So, emotions aren't happening to you. Your brain makes them as you need them. You are the architect of your own experience. It's just that most of this is happening outside of your awareness.

On how much control people have over their emotions under Feldman Barrett's theory

It's interesting. There are two ways in which I would say you are not a slave to your past. One is that your brain is able to take bits and pieces of past experience and combine them in new ways. Think of it like this: if you have a set of general ingredients in your kitchen, you can combine them in novel ways to make new recipes that you've never made before.

The other way though is that we can invest effort in the present to cultivate new experiences for future use in prediction. This is a really nice discovery, because what it means is that your horizon of control over your own experience is much broader than you might think.

For example, if you look at cognitive behavioral therapy, if you look at many of the books and articles which talk about cultivating compassion, cultivating wonder, cultivating a number of pleasant experiences that are thought to have beneficial effects, this is exactly what's happening. Your past experience is one ingredient to making emotions in the present.

On how states of displeasure and arousal are related to emotions

Those feelings are not properties of emotion, they're properties of consciousness because they're always with you, whether or not your brain is using them as ingredients of emotion, or for thoughts or perceptions. They are part of you and your experience of the world even when you are not experiencing emotions.

For example you know that's a delicious drink. That guy's a [jerk]. You know this is a beautiful painting. These are these are examples of when affective feelings from your body are very strong, but you are not making emotions with them. You're making perceptions of the world or perceptions of another person.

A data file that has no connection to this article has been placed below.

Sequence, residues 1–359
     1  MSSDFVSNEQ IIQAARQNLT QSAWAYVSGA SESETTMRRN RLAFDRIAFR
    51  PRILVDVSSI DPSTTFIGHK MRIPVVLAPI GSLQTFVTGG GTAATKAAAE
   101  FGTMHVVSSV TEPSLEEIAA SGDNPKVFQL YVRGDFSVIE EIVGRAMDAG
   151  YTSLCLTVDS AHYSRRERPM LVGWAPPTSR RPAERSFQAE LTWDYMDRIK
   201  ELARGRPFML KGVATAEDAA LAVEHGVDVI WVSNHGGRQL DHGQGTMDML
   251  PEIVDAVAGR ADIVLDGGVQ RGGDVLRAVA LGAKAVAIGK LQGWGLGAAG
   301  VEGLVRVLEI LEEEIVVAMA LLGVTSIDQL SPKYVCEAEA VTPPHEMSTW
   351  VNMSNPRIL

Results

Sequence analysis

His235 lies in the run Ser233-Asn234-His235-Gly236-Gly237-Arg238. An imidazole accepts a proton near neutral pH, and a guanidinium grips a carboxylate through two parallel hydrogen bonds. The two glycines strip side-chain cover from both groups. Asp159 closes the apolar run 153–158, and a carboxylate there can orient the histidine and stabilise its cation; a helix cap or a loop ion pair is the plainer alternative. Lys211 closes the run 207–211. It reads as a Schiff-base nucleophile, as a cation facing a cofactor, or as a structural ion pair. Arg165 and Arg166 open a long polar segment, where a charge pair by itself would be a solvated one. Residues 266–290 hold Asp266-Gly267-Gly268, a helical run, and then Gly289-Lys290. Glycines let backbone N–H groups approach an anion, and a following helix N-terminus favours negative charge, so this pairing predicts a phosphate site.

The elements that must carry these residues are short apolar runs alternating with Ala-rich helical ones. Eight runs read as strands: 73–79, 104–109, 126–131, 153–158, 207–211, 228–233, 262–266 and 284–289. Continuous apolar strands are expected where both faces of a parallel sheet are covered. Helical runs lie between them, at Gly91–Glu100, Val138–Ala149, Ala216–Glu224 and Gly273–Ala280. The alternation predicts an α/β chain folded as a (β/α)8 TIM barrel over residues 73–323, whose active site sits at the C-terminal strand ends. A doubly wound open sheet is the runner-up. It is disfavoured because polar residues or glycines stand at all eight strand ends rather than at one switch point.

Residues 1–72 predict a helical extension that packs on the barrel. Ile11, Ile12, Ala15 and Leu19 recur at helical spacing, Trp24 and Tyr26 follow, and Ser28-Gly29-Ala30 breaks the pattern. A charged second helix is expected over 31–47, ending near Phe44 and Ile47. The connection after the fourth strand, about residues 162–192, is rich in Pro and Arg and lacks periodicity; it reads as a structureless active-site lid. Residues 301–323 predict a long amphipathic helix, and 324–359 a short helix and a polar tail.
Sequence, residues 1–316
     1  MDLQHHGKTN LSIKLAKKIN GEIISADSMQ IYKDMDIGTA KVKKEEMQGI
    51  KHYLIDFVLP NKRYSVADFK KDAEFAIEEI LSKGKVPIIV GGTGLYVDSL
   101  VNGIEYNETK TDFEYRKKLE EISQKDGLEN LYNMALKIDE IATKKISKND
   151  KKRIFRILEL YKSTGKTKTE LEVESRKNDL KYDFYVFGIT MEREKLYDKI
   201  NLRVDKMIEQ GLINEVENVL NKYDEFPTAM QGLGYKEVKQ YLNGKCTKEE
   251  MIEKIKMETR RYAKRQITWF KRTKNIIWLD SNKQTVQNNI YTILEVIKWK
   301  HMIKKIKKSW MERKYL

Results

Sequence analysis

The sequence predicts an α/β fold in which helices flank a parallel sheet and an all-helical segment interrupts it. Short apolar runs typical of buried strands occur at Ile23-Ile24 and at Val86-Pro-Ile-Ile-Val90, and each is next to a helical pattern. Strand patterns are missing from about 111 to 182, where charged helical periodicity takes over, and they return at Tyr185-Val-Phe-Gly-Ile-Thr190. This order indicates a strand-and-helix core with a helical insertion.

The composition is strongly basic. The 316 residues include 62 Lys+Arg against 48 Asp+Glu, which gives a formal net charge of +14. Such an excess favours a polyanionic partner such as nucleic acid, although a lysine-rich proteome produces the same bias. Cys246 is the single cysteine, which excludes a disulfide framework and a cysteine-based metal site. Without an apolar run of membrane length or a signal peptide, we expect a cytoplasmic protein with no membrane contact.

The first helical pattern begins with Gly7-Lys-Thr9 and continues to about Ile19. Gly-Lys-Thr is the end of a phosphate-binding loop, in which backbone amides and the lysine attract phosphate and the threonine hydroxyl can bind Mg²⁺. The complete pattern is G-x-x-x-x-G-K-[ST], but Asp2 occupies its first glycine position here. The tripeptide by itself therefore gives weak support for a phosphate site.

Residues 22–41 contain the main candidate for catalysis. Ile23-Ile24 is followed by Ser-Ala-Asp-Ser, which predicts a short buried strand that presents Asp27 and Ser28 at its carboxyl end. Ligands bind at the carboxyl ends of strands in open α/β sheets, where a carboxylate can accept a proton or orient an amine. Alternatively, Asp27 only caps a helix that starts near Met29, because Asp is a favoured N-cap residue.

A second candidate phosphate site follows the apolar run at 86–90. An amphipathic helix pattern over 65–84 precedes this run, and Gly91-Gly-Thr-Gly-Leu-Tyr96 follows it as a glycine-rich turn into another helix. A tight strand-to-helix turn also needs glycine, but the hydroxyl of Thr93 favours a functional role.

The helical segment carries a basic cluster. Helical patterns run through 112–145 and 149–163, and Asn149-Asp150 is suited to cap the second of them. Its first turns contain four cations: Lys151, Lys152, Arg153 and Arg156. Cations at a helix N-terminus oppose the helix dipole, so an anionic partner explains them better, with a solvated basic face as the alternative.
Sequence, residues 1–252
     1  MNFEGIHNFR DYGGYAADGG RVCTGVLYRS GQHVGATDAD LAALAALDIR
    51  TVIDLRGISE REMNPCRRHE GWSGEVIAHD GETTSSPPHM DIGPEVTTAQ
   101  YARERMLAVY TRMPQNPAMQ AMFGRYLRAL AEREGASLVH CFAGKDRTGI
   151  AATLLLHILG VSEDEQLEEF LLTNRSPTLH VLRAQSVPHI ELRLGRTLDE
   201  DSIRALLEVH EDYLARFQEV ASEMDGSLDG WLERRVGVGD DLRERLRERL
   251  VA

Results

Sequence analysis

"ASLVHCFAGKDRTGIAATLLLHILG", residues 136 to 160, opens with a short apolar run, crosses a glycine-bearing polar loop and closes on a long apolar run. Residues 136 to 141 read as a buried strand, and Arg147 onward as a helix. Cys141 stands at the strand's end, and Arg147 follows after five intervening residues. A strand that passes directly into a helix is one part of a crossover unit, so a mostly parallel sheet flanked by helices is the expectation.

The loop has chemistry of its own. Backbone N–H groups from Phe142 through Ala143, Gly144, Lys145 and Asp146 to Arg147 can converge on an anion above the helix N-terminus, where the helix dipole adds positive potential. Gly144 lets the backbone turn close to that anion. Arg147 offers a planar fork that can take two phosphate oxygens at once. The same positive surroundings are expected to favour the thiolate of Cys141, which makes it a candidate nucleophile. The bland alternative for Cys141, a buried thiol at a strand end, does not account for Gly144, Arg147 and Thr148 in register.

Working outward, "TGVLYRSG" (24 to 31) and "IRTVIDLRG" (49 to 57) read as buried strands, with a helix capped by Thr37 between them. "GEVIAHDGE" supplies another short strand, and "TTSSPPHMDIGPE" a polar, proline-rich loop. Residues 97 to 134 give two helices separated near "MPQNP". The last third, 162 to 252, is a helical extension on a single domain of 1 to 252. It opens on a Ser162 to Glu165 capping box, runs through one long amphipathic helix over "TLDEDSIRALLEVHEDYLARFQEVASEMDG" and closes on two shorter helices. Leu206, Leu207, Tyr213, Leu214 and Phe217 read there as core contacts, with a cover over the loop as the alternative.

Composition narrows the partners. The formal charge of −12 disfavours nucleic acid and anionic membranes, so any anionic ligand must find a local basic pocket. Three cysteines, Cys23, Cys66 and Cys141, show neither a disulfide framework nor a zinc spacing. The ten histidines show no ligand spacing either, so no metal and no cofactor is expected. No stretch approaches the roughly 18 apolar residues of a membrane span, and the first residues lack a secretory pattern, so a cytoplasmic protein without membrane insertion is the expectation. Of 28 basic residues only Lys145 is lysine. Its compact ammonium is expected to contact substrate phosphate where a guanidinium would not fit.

But when an affect is very intense, those are the moments when the brain is usually making emotion out of them. [For example], you can sometimes have a very strong feeling of fear when you're feeling very unpleasant and very worked up. But fear can also be pleasant. When you're on a roller coaster, for example. People pay money to be afraid.

My point here is that in the classical view is that anger is negative — sometimes positive, but usually negative. Fear is negative, disgust is negative, happiness is positive.

But what the evidence shows is, in fact, that the pleasantness or unpleasantness of an emotion is really variable. So there are varieties of sadness that can feel very pleasant, varieties of happiness that can feel very unpleasant. And the quality really comes from these sensations in your body.

Copyright 2022 NPR. To see more, visit https://www.npr.org.

Rebecca Hersher (she/her) is a reporter on NPR's Science Desk, where she reports on outbreaks, natural disasters, and environmental and health research. Since coming to NPR in 2011, she has covered the Ebola outbreak in West Africa, embedded with the Afghan army after the American combat mission ended, and reported on floods and hurricanes in the U.S. She's also reported on research about puppies. Before her work on the Science Desk, she was a producer for NPR's Weekend All Things Considered in Los Angeles.